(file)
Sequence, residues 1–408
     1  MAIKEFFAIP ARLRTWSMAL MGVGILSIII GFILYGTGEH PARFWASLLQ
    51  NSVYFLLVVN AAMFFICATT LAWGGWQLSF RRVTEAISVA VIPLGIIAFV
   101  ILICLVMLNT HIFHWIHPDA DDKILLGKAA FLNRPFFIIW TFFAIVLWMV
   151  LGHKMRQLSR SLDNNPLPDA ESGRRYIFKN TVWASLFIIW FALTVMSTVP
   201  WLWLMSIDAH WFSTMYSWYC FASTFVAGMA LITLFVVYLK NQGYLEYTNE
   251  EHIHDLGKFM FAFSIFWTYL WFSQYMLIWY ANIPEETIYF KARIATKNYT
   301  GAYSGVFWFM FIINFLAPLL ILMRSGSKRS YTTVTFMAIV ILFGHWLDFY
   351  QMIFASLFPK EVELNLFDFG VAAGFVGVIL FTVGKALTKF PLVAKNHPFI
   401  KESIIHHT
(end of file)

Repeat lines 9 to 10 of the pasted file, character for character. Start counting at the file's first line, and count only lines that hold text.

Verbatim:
   351  QMIFASLFPK EVELNLFDFG VAAGFVGVIL FTVGKALTKF PLVAKNHPFI
   401  KESIIHHT